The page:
For 2019, the inflation-adjusted number for the qualified exemption is $550,551. 

We also have two flow charts to help you determine if you are covered by, or exempt from, both rules at:


Exempt Farmer Responsibilities

If you are exempt or qualified exempt, you must keep records sufficient to prove that fact. For both types of exemptions, this would mean records that establish your 3-year average sales. If you are in the qualified exempt category, you also need to be able to show how much you have made through each sales channel (i.e. farmers markets, CSA or weekly box program, restaurant sales, etc). For any wholesale sales, you will need to distinguish between those that are to qualified end users (i.e. to restaurants or retailers who in turn sell direct to consumers and who are within the required distance of your farm) and those that are to distributors or more distant outlets. 

You must also do a comprehensive annual calculation, and sign and date it, as part of your records. In other words, once a year, create a single-page sheet that sets out your gross sales for each of the previous three years. If you are qualified exempt, also list the amounts that went through each sales channel (direct-to-consumer, wholesale to a restaurant or retailer within the required distance of your farm, and wholesale to non-qualified end users) each year. Calculate the percentages to confirm that you meet the requirements for the exemptions. Then sign and date the page and keep it in your files.

Under the FDA’s rule, a farmer must be able to produce adequate and legible sales records to justify their exempt or qualified exempt status within 24 hours of being requested by FDA or the state agency. These records can be electronic or handwritten or a combination.

Last, the Produce Safety Rule also requires qualified exempt Farms to either label their produce with the farm name and business address or have a sign posted with that information at the point of sale. A vinyl banner at your farmers’ market booth, or the invoice to the restaurant, are examples of ways to meet this requirement.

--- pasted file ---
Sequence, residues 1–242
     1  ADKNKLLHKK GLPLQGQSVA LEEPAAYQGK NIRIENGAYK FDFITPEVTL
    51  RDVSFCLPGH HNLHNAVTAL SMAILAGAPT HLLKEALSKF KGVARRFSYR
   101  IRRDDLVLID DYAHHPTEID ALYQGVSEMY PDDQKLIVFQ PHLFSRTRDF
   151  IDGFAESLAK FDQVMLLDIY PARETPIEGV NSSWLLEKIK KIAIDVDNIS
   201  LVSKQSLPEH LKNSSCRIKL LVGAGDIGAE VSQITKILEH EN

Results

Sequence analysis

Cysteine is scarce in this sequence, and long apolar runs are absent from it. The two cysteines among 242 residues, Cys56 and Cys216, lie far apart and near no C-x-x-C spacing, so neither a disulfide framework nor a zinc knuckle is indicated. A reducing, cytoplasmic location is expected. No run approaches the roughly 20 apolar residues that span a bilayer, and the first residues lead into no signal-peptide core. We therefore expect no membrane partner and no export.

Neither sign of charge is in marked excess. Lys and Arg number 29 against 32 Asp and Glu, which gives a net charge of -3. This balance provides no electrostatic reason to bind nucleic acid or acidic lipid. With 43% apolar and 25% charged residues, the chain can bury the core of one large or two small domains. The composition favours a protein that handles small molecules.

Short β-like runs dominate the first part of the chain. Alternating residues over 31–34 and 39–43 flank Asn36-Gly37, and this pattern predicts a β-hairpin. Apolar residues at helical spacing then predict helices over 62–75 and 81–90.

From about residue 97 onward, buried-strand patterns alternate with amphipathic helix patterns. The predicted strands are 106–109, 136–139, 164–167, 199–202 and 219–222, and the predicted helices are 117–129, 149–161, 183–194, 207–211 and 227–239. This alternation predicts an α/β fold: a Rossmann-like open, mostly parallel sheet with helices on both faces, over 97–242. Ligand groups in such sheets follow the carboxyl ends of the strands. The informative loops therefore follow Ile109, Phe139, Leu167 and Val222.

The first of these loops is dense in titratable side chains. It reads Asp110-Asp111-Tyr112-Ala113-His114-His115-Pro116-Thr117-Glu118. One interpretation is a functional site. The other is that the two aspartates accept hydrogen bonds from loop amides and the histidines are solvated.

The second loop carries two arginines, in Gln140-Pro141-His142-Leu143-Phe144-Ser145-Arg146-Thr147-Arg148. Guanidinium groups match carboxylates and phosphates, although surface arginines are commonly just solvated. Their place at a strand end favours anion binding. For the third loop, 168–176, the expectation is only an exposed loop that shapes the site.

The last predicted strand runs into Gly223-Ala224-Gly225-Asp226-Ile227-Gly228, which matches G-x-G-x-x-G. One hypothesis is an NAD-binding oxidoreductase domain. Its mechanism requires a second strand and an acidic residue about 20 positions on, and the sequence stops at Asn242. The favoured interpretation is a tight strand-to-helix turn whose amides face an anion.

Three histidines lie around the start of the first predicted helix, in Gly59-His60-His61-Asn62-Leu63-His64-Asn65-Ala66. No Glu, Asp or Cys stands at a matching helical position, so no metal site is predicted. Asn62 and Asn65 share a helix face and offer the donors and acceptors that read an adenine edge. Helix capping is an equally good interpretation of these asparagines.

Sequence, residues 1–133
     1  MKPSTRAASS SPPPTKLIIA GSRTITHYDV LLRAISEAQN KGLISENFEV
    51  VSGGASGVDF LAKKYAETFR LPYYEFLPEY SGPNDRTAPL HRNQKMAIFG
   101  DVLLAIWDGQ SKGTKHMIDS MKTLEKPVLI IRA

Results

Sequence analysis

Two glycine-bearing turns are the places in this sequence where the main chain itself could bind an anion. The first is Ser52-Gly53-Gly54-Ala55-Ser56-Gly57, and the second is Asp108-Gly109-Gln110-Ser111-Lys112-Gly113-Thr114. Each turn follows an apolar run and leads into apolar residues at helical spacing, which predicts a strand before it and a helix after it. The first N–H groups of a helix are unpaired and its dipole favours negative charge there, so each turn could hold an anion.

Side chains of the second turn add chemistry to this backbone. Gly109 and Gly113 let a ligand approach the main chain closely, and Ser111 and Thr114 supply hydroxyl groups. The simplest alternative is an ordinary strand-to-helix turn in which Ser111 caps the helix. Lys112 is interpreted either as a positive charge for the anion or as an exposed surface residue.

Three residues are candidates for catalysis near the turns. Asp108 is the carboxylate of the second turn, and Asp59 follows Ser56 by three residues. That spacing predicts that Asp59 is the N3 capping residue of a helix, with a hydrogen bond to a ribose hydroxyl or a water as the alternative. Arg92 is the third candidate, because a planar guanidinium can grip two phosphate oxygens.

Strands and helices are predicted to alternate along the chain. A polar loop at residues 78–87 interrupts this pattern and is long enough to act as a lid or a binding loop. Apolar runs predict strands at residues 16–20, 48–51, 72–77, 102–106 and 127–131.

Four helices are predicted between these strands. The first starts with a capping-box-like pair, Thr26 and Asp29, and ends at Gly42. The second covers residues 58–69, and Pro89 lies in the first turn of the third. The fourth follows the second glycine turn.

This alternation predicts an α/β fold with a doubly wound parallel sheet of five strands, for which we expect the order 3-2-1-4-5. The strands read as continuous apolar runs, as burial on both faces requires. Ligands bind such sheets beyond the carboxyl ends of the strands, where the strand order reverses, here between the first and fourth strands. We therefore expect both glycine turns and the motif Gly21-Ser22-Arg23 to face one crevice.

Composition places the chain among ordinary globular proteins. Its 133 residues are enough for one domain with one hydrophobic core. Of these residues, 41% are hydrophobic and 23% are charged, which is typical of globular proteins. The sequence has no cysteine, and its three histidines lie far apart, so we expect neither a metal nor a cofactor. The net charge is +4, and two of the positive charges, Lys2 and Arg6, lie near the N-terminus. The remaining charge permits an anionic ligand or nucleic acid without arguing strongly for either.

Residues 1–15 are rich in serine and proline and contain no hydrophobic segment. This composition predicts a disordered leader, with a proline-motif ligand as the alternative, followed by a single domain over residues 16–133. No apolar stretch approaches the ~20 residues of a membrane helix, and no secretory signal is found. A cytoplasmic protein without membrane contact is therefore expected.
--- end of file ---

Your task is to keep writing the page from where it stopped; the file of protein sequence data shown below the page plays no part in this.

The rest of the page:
Non-Exempt Farmer Responsibilities

If you do not fall within the exempt or qualified exempt categories, you are subject to the full substantive requirements of the Produce Safety Rule. You will need to attend a certified Grower Training course, which will help you to learn what you need to do to comply. The PSR covers a huge range of topics, including your buildings, equipment, employee training, irrigation water testing, the use of manure or other biological soil amendments, and more.


State Agency Overreach

The discussion above reflects the federal law and regulations. In most states, the state agriculture department is the primary agency for implementing and enforcing the PSR, with funding from FDA. 

The Texas Department of Agriculture adopted rules for its state that significantly undermine the exemption for small farmers and infringe on farmers’ rights – with the threat of fines and forced closures for farmers who run afoul of the agency.

While the federal rule does not require farmers to obtain agency approval of their exemption, under its rules, TDA is claiming authority to determine each farm’s exemption status. TDA has been contacting farms to investigate whether the farm is covered, exempt, or qualified exempt.  

TDA’s first step appears to be a phone call to the farm. Some of the questions being asked are pertinent to determining a farm’s status – namely, questions about gross sales and sales channels. But some farmers are reporting that TDA staff are asking them questions that are only appropriate for covered farms, relating to matters such as water sources, and whether or not the farm is using compost, manure, or other biological soil amendments. Exempt and qualified exempt farms are not required to provide this information to the agency.

Exempt farms are only required to provide information on their gross sales of produce (for the $25K exemption), or the types of produce being grown (if they are exempt because they only grow produce that is rarely consumed raw). Qualified exempt farms are required to also provide information about sales channels and revenues, to establish their status for the qualified exemption.

Providing information beyond that is up to the individual farmer’s discretion, since that information is not pertinent to TDA’s regulation of exempt farm under the federal rules.

More troubling, the TDA is seeking to physically inspect some of the exempt and qualified exempt farms. We’ve had reports that the agency has led several farmers to believe that they had no choice but to allow such an inspection – but, as our lawsuit emphasizes, this is a violation of farmers’ constitutional rights to be free of unreasonable searches. You can read our complaint here.  

We are beginning to hear similar reports from other states of implementing agencies seeking to physically inspect exempt farms. To our knowledge, however, no other state agency has enshrined this overreach of their powers in regulations, in contrast to TDA. 

If you are an exempt or qualified exempt farm, and have been contacted by your state agency seeking to do a physical inspection of your farm, please let us know by emailing